I Pledge Allegiance To...
For thirteen years of your life, from ages 5-18, you probably began every day, Monday-Friday, the same way: "I pledge allegiance to the flag of the United States of America..." This simple mantra becomes so ingrained into our routine at such an early age, by the time we are old enough to start to comprehend its significance, we likely don't even give it much thought. In most public schools, the pledge serves as a daily reminder of our national identity. In other words, from an early age, we are indoctrinated into what it means to be an "American." To say, "I pledge allegiance..." means that this is who I am, this is where my loyalty and devotion lies, and when push comes to shove, I will fight for this!
I was recently introduced to a resource by Matthew Bates (professor of theology at Quincy University). In his book, Bates investigates the biblical usage of the word "faith." What he discovers is that when the Bible talks about "faith" it is describing something much more holistic than what we commonly mean today. In other words, faith isn't simply believing, but it encompasses both the belief and the resultant action; so that the terms faith and faithfulness are in many ways interchangeable in the scriptures. Bates, somewhat provocatively, suggests that we replace our "faith in" language and instead speak in terms of "allegiance to." I think that he hits the nail right on the head.
In this week's lesson, Cody talked a lot about our identity as believers; and throughout our study over Colossians, I have been directing our attention to the doctrine of the believer's union with Christ. Here in chapter 3, we witness the collision of these two ideas. For Paul, our identity is found in our union to Christ (notice the "union" language in verses 1-4 and 10-11), and that new identity distinguishes us from the world around us in the way that we live. In other words, our faith is not merely a profession of belief, but it is rather a profession of allegiance. To be a Christian is not simply to believe a certain set of principles and ideals. Instead, it is to live in devotion and obedience to Christ as your Lord and Savior.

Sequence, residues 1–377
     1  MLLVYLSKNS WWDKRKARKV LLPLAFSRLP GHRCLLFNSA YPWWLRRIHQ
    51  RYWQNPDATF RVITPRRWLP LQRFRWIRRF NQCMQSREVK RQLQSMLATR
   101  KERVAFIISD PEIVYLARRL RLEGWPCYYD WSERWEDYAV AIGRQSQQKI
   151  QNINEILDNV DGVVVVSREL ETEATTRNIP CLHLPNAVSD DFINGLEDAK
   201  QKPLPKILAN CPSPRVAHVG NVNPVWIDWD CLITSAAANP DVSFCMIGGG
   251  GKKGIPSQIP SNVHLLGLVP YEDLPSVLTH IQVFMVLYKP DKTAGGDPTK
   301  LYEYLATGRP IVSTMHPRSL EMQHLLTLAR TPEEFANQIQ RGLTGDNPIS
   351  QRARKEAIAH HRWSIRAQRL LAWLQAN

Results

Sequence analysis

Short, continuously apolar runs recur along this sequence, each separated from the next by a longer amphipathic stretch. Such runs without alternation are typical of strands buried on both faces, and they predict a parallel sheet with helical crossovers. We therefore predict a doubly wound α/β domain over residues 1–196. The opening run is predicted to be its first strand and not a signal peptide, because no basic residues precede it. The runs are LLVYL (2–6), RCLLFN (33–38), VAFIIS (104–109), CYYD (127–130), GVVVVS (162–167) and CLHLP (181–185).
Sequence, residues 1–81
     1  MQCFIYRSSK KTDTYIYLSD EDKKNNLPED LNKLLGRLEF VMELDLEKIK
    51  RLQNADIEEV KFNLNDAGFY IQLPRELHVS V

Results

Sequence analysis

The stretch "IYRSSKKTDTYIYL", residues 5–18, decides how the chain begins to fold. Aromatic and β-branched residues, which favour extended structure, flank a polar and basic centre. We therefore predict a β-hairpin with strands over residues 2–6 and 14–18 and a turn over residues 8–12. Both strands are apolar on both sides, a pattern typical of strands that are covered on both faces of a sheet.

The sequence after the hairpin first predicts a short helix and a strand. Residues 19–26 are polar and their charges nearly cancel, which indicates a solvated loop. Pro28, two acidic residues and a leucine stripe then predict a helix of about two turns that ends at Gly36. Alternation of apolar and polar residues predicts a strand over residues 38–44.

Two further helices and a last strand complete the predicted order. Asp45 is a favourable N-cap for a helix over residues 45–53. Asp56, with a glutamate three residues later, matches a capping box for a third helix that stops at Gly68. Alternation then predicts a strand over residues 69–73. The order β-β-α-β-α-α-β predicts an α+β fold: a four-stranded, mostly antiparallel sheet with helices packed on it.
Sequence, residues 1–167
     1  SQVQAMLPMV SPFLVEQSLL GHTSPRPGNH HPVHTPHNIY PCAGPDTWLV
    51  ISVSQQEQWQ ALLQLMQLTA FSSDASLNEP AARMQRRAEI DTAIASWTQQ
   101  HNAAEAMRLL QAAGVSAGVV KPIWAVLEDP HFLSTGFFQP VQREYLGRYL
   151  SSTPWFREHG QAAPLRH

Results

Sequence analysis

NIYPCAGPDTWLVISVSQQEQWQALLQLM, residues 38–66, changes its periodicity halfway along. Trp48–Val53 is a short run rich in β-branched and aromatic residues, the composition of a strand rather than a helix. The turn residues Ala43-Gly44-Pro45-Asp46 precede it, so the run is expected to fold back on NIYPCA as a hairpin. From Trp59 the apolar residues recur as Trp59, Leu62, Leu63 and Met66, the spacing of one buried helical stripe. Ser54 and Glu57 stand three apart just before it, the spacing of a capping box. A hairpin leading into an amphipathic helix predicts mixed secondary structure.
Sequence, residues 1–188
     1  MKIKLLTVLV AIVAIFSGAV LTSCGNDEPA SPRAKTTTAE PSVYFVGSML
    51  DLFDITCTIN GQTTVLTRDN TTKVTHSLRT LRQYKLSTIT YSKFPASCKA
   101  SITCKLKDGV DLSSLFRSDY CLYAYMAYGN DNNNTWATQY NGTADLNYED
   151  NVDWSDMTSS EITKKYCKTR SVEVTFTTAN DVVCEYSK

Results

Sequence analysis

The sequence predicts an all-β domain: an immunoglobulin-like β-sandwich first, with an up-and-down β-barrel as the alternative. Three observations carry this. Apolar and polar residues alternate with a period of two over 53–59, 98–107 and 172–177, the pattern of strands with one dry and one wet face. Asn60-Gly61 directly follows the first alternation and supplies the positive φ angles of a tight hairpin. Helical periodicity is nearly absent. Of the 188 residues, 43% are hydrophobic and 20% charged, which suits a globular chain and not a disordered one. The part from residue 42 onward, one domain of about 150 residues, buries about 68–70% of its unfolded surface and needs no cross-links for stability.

Now wait, does this mean that I am heralding a works-based faith that departs from the message of the gospel? Don't get me wrong, that is not what I am saying. There is only one gospel and its message is loud and clear; no work of man can atone for the sinfulness of mankind, only the finished work of Christ on the cross can do that. We must, in full accord, preach that gospel! However, in so doing, we mustn't lose sight of the bigger picture. The gospel isn't individualistic...it isn't simply the story of hope for you. The gospel is the story of Christ's redeeming work for all of time and for the entire world! When we step back and look beyond Christ's work in our own personal lives, we begin to see how much bigger and all-encompassing the true message of the gospel is.
I think this is the perspective from which the early church leader and epistle author James was writing from in his letter. The great reformer Martin Luther called James' letter the "epistle of straw." As someone who labored so diligently to fight against the message of salvation through works that characterized the teaching of the Roman Catholic Church in his day, Luther viewed James' claim that "faith without works is dead" with a wary eye. With all due respect to Martin Luther, I think that he may have, in many ways, been blind to the deeply rooted message of grace that permeates the book of James. It is a deeply loving act to call your brothers and sisters to live in accordance to their faith...and their identity in Christ.
The point of James' letter is the same point that the Apostle Paul is making to the Colossians. It is not our actions that merit our salvation. Grace is by definition a free gift. We are saved through faith in the work of Christ; and it is by grace that we are miraculously and supernaturally united to our Lord and Savior in such way that his righteousness becomes our righteousness, his works become our works, his inheritance becomes our inheritance, and so on. In a very real sense, for all intents and purposes, we assume his identity. We put off our old self which has died, and put on a new self in Christ.
Faith alone, in a vacuum, is in many ways dead, in that it doesn't give new life. Again, I point to James' argument that even the demons believe in God (James 2:19). It is a living and active faith that produces action (perhaps a faith that is better understood as allegiance to Christ) that leads to eternal life. As Cody mentioned in his message, everyone finds their identity in something. It might be in your job, in your family, in your social or economic status; but all of these things eventually pass away.
When we find our identity in Christ, when we pledge our allegiance to him, we are leaning into what it truly means to be a Christian. We are saying, this is who I am...a follower of Jesus. This is where my devotion and loyalty lie...I serve King Jesus and his kingdom. When push comes to shove, I will fight for this...the glory and fame of Christ. I will live out my days in this world, but I will not be conformed to or controlled by it. That's not who I am anymore! The question you have to ask yourself is where do I find my identity? To what or whom do I pledge my allegiance?
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Part 7 - Christian Identity
Questions discussed in this sermon:
1. Where do you find your identity?
2. How serious are you about putting sin to death?
3. How does Paul instruct believers to dress themselves?